GMP on Core 2 Duo

Torbjorn Granlund tg-this-will-bounce-but-I-am-subscribed-to-the-list-honest at
Wed Nov 29 12:13:05 CET 2006

Ernest Prabhakar <prabhaka at> writes:

  As the Open Source Product Manager for Mac OS X, I wanted to thank  
  you for the work you've done on GMP.  I realize we aren't your  
  primary target, but a lot of scientists and researchers (including at  
  Apple) benefit greatly from your highly-tuned library.
Isn't it fascinating how large enterprises can benefit from a
completely non-funded hobby project?

  Because of that, I wanted to see if there's anything I can do ensure  
  Mac OS X properly supports GMP.  I understand there have been  
  compiler issues in the past that caused it fail "make check", but I  
  hope those have already been addressed.  If not, please let me know.
There have been recurrent problems, I reported a handful in the
beginning of the Mac OS X era, but decided I had more fun things to do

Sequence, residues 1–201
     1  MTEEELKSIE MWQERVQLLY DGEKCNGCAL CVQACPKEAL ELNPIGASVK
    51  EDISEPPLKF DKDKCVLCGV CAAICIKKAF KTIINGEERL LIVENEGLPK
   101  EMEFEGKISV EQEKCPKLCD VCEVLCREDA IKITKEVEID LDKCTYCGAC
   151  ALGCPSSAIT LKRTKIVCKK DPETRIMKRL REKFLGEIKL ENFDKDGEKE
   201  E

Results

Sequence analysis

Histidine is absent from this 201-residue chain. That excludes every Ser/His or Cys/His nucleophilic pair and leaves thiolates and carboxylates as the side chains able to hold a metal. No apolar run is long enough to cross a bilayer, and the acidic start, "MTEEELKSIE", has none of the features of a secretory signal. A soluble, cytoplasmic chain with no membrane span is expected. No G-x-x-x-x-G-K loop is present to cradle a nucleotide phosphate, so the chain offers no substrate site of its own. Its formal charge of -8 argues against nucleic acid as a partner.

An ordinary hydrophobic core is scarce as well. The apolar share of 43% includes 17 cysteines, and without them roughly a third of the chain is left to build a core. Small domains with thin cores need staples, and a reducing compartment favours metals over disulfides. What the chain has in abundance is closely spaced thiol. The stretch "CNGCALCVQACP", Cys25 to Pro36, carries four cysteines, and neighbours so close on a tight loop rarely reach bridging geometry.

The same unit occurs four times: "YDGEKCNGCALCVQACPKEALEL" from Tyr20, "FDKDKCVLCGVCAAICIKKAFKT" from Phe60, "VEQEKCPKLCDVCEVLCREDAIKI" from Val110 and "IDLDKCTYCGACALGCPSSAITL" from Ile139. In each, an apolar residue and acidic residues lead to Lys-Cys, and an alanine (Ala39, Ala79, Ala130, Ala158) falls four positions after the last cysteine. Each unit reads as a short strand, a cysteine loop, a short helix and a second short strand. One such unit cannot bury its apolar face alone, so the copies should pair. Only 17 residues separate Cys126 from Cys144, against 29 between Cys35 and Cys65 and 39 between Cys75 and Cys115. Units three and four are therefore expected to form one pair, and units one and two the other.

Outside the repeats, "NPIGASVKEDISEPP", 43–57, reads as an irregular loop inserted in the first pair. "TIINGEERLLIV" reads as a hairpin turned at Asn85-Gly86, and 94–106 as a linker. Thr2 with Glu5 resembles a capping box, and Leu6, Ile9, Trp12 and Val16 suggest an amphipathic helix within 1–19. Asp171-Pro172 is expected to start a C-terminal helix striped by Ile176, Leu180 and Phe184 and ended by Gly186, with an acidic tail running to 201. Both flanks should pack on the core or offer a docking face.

at my leisure time.

One of the latest XCode releases cannot compile GMP on PPC.  I have no
idea of the status of your compiler in X86 wrt compiling GMP.

  In addition, we are very excited at the prospect of moving our whole  
  product line over to 64-bit processors, and we'd love to take  
  advantage of the enormous performance improvements you've documented 
  [1].  I notice that Jason Martin has patches to build a 64-bit  
  version on Mac OS X and Linux[2], which has been picked up by Fink[3].
I don't think any patches are needed to build a 64-bit version on

  I realize it is often tricky to integrate platform-specific changes  
  into a multi-platform codebase, so I was wondering if there was any  
  way we could help you turn these patches into something that would  
  "play nicely" with your existing codebase, so that GMP would work  
  properly out of the box on Core 2 Duo systems from Apple and other  
You need to understand how most GNU projects work.  Either the
maintainer(s) does something because (s)he think it is interesting, or
(s)he does it because he is paid to do it.  Accepting patches from
outsiders requires a lot of work, but is usually not very interesting.

In the case of GMP, quality generic patches tend to be integrated
reasonably timely, while vendor specific patches tend to get much less


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